But the basic problem remained: the crime scene at Jonestown, as Guyana Assistant Police Commissioner Skip Roberts described it, was never subjected to a comprehensive forensic examination. In its absence, theories began to circulate, suggesting that the handling of the bodies in Jonestown had been deliberately mishandled, potentially as a means to obscure crucial evidence.

Among the records recovered from Jonestown are scores of documents – scattered throughout the FBI release of materials under the Freedom of Information Act – created by Richard Tropp. Sometimes called Peoples Temple’s propaganda minister, Tropp was a teacher and administrator tasked not only with running Jonestown’s school, but researching and writing a book about Jim Jones and the conspiracy against Peoples Temple.

The conspiracy section of Tropp’s book reads like a cloak-and-dagger mystery, replete with enigmatic characters, clandestine operations, and a web of hidden agendas. The attacks and harassment of Peoples Temple in California later come into greater focus in Guyana, where CIA agents staff the US Embassy and where American journalists chartered aircraft to fly over the Jonestown community and file false police reports. The story climaxes with a double-dealing spy, complete with an eye patch, allegedly plotting with mercenaries to kidnap residents and later exposing the plot to Jonestown leaders. Throughout his narrative, the line between truth and fiction blurs, as layers of deceit unfold.

Dick Tropp makes his final appearance on November 18th. After arguing with Jim Jones, pleading for an alternative to suicide, he retired – possibly to the radio room, near which his remains were found – and wrote a letter describing Jonestown during its final moments and the community’s unity behind their decision to die. He calls upon the reader to gather all available evidence and ensure that the story of Peoples Temple be told in all its glorious dimensions.

To Whomever Finds This Note

Collect all the tapes, all the writing, all the history. The story of this movement, this action, must be examined over and over. It must be understood in all of its incredible dimensions. Words fail. We have pledged our lives to this great cause. [Two words crossed out] We are proud to have something to die for. We do not fear death. We hope that the world will someday realize [cross-out] the ideals of brotherhood, justice and equality that Jim Jones has lived and died for. We have all chosen to die for this cause. We know there is no way that we can avoid misinterpretation. But [cross-out] Jim Jones and this movement were born too soon. The world was not ready to let us live.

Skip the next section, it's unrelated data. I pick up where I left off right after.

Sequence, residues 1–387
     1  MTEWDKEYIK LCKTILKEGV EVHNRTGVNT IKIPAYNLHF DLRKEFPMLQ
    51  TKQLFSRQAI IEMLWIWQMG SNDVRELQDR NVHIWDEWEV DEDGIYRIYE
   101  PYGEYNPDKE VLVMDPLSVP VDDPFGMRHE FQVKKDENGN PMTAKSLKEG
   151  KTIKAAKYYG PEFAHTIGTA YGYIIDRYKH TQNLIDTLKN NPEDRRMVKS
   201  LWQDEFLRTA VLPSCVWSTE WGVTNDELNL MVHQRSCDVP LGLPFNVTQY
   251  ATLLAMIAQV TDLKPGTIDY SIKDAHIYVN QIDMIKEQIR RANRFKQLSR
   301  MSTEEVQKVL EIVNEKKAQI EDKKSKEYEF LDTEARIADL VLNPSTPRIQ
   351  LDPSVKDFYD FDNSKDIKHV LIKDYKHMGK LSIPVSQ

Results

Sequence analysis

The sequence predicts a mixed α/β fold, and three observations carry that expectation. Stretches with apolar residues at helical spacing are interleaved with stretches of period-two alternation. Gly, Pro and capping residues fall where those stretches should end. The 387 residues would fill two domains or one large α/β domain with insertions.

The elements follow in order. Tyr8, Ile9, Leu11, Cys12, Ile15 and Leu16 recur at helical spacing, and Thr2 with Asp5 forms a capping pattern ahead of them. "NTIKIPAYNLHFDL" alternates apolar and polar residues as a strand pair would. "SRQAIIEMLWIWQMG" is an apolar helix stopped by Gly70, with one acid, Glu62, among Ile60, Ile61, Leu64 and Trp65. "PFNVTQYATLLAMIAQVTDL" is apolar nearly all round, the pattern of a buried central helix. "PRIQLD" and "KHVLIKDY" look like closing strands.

Over time, I have realized Dick Tropp was right: The world would likely misinterpret whatever message or legacy that Jones intended to leave behind. Often lost in trying to decipher what happened in Jonestown, we tend to overlook the questions of why it happened. What truly astonished and disheartened me was the indifference, or perhaps ignorance, exhibited by the investigators and officials in both Guyana and in the United States. Or perhaps it was more of a callous disregard, an apparent absence of empathy, in the face of such a monumental historical event. Agencies that might have prevented the assassination of Leo Ryan and the subsequent massacre were more interested in defending their actions (or lack of) than investigating the deaths of nearly one thousand people.

By 2003, Jonestown seemed to have been reduced to the cautionary phrase, “Don’t drink the Kool-Aid.” I couldn’t help but wonder if the indifference/callousness/lack of empathy which had endured the intervening 25 years was a reflection of a broader sentiment among a society unwilling to face the darker chapters of our history. What would be the consequences of apathy? Could Jonestown happen again?

I committed myself to creating within myself a deeper understanding of the time and place in which Jim Jones created the Temple and the consciousness Temple members shared as their collective reality. Once again, an open mind was key to understanding the 1970s and society’s changing attitudes towards race, equality and leftist movements. Learning about America’s Cold War with Russia, in particular America’s paranoia about communism, I understood why Jones might have felt that the FBI or CIA was spying on his church or threatened by his particular – and sometimes incoherent – mix of religion and politics as a concept he called “apostolic socialism.” He had long since identified himself as a communist, and the Temple was openly socialist. They were affiliated with leftist politics in the Bay Area and publicly supported activists like Dennis Banks, Angela Davis and Huey P. Newton. The Temple had highly publicized political connections to such California political leaders as gay San Francisco Supervisor Harvey Milk, Mayor George Moscone, Assemblyman Willie Brown, Lt. Gov. Mervyn Dymally, and Gov. Jerry Brown. These political activities – and the avowed Marxist principles behind them – had consequences. As Temple leader Carolyn Moore Layton wrote to her parents in December 1977: